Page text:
Northern Australia has become the latest region to benefit from a growing international movement to put land stewardship back in the hands of indigenous and rural communities.
International NGO The Nature Conservancy (TNC) and its partners have purchased the 450,000 acre Fish River Station, a former cattle ranch on the Daly River, for the purpose of handing back to the original indigenous inhabitants.
In a transition ceremony attended by Australian Minister of Environment Tony Burke late last week, the Indigenous Land Corporation (ILC) took ownership of the AUS$13 million property on behalf of local communities who will eventually manage the land permanently.
ILC is an organisation that helps indigenous Australians acquire and manage land for cultural and economic benefits.
The TNC deal, a partnership with the Australian Government, ILC and the non-profit Pew Environment Group, included land management training for indigenous rangers. The rangers are being hired to undertake conservation measures such as weed eradication, plant and animal surveys, fencing and soil conservation.
“Employing Indigenous Rangers is a critical step to ensure traditional knowledge and the best modern science are combined for lasting results,” TNC’s Australian director, Dr Michael Looker, said in a statement.
He added that the Fish River Station project would create lasting jobs for indigenous Australians, conserve biodiversity and promote additional land conservation projects. “The acquisition is a remarkable step forward for conservation in Australia,” he said.
TNC said the project has spurred interest in creating new conservation areas in the surrounding region, which contains savannah woodlands, rainforest and Daly River flood plains. It may eventually be part of a nearly two million acre network of conservation land and link to a larger government plan, known as the Trans-Australia Eco-Link, to connect more than 2,175 miles of protected areas ranging from South Australia to the Arafura Sea in Australia’s Northern Territory.
Tim Bond, who is a scientist with Australia’s National Reserve System, said in a statement that the Fish River Station land deal represented a big win for nature conservation and a new model for reconnecting indigenous people with their land.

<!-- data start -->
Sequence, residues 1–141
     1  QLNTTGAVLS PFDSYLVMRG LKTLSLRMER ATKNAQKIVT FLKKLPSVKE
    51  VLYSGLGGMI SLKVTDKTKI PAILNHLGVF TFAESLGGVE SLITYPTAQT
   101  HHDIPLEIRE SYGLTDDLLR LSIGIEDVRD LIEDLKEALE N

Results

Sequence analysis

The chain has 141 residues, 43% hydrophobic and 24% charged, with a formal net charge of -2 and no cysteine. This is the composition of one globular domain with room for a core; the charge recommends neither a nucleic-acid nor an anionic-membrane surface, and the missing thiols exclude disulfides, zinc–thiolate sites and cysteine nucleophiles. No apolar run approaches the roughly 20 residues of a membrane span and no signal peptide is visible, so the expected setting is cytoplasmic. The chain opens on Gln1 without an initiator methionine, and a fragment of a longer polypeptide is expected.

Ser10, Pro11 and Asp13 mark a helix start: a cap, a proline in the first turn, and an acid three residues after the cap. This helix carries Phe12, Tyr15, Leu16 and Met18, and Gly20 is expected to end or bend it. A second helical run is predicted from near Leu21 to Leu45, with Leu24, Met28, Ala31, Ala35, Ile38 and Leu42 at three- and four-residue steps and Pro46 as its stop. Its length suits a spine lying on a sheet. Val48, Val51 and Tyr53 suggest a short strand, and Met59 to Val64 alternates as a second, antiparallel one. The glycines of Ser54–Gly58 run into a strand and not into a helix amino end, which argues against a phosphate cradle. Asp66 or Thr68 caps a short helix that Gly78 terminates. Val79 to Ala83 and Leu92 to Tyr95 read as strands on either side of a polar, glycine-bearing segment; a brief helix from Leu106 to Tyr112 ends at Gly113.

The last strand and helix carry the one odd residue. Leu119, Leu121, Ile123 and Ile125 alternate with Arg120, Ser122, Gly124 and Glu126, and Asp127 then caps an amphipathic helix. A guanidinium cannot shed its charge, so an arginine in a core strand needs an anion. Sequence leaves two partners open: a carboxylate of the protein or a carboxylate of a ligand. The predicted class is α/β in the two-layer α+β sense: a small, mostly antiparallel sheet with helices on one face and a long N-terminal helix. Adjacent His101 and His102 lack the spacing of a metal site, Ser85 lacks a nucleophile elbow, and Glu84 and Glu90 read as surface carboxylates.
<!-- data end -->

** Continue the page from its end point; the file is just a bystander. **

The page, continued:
“This is a real first for protected areas in Australia - a great alliance with new thinking about how to build long-term conservation in some of our most remote country,” he added.
The same isolation that renders the Fish River Station region difficult to manage with conventional land management practices is responsible for preserving its ecosystems, according to TNC’s website, which notes that the former owners of the Fish River Station ranch found it too difficult to develop the infrastructure in such a remote location. Much of the original habitat is still intact, and provides homes to up to 600 plant species and at least 19 species of animals such as the northern brown bandicoot, the Gouldian finch and the common wallaroo.
Conventional conservation less effective
Recent studies by the World Bank and the NGO Centre for International Forestry Research have found that conventional conservation projects, which exclude many traditional human activities from protected land, tend to be less effective at stopping land degradation than programmes that support local communities’ responsible use and management of land.
Critics of conventional conservation projects to reduce deforestation have cited the studies in a call for new approaches to forest protection that take into account the well-being of the communities dependent on forests for survival.
In an October report, the United Kingdom-based non-profit Forest Peoples Programme said that the 300 indigenous groups living in the Indonesian provinces of Papua and West Papua were suffering as a result of decades of top-down management of the forests where they lived. The report noted that communities affected by forest conservation schemes were given little information or input into local policies, and had no clear rights to the land and forest resources on which they depended.
A study published earlier this year by Timor-Leste based Trevaylor Consulting found that engaging local communities in Indonesia was essential to stopping deforestation, noting: “Until (the land tenure rights of local communities are) addressed, it will be hard to make more than token progress on the pressing issues facing the land use sector, such as deforestation, conflict and misguided investments that undermine development.”
Movements to combine the issues of land rights for indigenous communities and environmental conservation are underway across the globe, including in Africa’s Congo basin and in South America’s Amazon region.
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